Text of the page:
I came across a great and brief article written by Richard Kocsis.
Richard Kocsis has written over 70 articles and works as a psychologist and criminologist.
In this article published in The Lancet, Kocsis reflects in 2004 on the scientific evidence of profiling. Since then the evidence base has grown somewhat, but Kocsis argues for more critical assessments that would help place offender profiling well within the definition of established science.
Kocsis also mentions a major study he did where several people from varying fields contributed their knowledge to a problem and profiling criminals. By the conclusion of the study, profilers came out on top even above seasoned detectives. However, Kocsis argues that more still needs to be done to ensure the high accuracy of profiling statements.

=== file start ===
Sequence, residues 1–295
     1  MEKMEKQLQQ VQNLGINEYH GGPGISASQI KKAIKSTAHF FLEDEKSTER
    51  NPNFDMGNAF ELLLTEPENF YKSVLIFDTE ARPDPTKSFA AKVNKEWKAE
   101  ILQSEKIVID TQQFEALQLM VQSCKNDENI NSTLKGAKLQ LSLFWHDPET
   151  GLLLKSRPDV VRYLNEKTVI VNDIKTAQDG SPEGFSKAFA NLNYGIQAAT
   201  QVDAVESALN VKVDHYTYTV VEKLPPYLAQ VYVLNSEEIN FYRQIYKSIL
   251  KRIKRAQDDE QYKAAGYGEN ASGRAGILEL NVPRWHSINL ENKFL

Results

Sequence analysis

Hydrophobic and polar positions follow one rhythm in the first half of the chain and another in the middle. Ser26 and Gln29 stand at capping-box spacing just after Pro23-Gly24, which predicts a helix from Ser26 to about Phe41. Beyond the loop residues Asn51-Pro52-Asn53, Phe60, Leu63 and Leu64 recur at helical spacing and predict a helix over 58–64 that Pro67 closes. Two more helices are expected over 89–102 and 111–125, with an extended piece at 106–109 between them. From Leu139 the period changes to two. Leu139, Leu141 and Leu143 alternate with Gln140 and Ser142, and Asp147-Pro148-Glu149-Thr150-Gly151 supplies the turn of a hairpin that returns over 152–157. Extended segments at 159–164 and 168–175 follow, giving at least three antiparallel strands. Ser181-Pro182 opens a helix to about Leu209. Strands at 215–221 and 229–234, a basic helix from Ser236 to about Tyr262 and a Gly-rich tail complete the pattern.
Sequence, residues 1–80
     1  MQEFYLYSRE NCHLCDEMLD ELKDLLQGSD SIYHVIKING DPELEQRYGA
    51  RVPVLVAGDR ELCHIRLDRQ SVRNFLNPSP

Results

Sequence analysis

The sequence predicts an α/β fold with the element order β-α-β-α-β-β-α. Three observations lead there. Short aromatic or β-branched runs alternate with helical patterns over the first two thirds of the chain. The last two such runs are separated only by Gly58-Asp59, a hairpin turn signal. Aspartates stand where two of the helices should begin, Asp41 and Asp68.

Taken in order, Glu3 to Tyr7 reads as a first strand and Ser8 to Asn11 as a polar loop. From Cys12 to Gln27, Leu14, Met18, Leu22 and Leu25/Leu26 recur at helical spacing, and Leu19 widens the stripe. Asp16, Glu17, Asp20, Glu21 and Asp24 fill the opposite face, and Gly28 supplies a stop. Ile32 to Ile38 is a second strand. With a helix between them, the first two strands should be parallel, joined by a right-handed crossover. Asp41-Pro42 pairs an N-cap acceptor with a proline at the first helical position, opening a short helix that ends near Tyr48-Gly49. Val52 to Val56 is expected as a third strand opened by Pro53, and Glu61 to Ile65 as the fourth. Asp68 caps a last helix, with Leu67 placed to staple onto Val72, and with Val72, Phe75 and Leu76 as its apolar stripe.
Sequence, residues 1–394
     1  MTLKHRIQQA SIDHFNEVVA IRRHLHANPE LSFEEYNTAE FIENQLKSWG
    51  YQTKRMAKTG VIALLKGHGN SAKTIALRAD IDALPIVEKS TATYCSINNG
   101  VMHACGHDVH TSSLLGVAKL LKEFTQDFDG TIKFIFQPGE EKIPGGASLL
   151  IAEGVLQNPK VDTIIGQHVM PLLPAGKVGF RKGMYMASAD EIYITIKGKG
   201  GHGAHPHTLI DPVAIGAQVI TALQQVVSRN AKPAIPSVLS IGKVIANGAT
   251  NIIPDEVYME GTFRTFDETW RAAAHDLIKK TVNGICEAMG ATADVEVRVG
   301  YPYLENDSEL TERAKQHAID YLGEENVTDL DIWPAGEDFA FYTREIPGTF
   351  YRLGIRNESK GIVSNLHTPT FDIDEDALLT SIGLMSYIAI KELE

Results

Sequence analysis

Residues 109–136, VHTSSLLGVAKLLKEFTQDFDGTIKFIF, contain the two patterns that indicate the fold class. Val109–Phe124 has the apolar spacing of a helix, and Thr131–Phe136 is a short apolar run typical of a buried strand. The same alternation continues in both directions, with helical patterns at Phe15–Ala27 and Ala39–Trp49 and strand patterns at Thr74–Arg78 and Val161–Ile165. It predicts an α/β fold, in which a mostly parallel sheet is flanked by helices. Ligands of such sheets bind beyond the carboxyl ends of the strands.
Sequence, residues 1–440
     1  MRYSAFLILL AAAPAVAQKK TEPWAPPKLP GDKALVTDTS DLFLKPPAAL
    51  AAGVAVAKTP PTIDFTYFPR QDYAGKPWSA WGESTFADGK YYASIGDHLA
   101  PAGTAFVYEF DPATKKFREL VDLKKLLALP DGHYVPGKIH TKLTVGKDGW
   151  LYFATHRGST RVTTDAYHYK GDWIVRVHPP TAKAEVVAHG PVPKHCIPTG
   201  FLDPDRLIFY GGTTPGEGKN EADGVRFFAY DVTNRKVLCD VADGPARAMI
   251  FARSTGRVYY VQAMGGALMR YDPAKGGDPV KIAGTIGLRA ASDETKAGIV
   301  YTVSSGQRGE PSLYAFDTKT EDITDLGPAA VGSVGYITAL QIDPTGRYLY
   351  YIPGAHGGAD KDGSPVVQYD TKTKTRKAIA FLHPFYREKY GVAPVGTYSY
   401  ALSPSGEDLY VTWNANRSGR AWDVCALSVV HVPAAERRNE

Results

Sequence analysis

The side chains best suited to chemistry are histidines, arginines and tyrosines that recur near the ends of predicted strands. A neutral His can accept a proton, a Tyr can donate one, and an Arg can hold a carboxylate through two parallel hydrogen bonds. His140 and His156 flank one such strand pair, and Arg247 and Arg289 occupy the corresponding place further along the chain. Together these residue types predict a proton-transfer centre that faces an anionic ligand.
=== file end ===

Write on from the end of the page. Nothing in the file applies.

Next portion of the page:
One of the outcomes of that study was the realization that not all profilers are created equal, there was a large amount of variance between the profilers, and it is this which Kocsis sees where the danger lies.
If you're unfamiliar with Kocsis as I was, might be worth checking out his work, especially since his work in this area has been so prolific.
Article: 'Profiling the criminal mind: does it actually work?'